At this point Wright sent in two full divisions and part of a third. The position that they were attacking was heavily fortified and had abates in front. This slowed down the attacking force and the Confederates met them with massed volleys.
With their colonel killed the lead regiment, the 2nd Connecticut Heavy Artillery, was near panic. They were a converted artillery unit and this was their first fight. Emory Upton, the division commander, appeared on the scene a organized them into a defensive line. Displaying the courage made famous at Spotsylvania, Upton calmly stood behind a tree firing his rifles at the enemy, while he rallied his men.
As the Confederates were repulsing the attack of the Connecticut troops, other Federals had funneled through a gulley on their left. They fired on the Confederates from their rear and their left. Hoke’s men were captured and their line came into Federal hands. The neighboring brigade was also fired on from the rear and they too fell back.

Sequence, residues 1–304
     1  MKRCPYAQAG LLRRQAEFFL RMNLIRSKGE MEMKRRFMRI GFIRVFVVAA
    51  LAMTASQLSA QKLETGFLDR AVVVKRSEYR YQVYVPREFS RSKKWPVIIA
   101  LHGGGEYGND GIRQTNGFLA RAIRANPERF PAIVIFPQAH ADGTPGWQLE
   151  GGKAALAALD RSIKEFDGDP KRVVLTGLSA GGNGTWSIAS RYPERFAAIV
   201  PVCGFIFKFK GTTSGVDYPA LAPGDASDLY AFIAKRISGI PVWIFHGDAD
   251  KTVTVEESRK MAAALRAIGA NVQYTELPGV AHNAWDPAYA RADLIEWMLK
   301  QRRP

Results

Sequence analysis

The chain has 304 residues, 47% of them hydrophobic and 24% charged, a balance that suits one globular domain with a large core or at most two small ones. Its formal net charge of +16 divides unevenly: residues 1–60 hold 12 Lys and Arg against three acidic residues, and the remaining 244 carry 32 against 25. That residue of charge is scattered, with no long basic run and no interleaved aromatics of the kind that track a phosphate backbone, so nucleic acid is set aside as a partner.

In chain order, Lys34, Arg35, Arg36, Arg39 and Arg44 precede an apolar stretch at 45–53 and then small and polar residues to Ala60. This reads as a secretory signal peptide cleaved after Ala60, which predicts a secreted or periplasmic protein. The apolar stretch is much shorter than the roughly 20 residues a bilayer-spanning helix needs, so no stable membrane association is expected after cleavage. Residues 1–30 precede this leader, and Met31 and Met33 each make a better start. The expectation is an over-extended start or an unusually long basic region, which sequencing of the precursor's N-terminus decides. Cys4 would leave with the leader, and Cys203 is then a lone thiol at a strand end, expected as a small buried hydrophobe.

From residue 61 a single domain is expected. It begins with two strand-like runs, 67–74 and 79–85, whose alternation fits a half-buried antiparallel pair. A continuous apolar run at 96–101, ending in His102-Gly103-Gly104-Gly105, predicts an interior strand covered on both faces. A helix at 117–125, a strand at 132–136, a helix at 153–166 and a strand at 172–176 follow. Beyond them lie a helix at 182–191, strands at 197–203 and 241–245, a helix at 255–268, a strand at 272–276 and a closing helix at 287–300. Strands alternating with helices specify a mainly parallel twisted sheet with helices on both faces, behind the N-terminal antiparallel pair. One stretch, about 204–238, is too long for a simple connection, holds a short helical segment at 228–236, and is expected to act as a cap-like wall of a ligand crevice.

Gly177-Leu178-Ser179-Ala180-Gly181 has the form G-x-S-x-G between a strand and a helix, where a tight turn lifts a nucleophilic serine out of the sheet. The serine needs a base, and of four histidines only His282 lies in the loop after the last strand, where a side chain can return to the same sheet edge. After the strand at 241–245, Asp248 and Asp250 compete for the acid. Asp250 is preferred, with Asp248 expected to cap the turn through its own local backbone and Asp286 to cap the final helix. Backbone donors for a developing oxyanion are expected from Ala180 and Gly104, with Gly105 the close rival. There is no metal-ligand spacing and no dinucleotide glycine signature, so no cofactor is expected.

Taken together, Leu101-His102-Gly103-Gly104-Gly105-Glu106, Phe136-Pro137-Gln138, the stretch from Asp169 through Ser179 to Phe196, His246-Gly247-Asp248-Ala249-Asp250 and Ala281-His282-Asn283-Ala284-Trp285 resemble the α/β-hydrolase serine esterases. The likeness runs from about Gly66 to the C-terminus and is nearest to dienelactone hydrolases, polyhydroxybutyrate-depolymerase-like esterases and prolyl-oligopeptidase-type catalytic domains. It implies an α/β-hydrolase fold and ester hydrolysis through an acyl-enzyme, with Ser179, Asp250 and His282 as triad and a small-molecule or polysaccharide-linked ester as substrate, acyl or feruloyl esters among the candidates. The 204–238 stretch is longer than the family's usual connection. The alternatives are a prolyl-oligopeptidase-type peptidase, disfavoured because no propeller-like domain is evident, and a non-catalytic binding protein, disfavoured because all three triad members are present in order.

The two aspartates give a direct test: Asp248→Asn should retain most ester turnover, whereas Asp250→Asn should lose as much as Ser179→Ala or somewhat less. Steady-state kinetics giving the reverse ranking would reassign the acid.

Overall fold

Anderson saved the day for the Confederates by promptly sending in two of his brigades in the counterattack. They fought on into the dark until they pushed the Federals out of almost all that they lost but their lines were in very bad shape, according to one soldier.
By 10:00 PM the firing died away and Upton counted up his losses. The 2nd Connecticut had a total of 386 killed, wounded and missing. Overall, the VI Corps was estimated to have losses of 1,200 killed or wounded; the XVIII Corps had about 1,000 killed or wounded.
Anderson reported to Lee that he needed reinforcements. Lee had already ordered Breckinridge’s force from the Shenandoah Valley to strengthen the Confederate line.
Grant designated Hancock’s Corps to attack on June 2nd. They had only just arrived on the field and were exhausted from their long march. Realizing the state of Hancock’s men the attack was postponed until 4:30 AM June 3rd.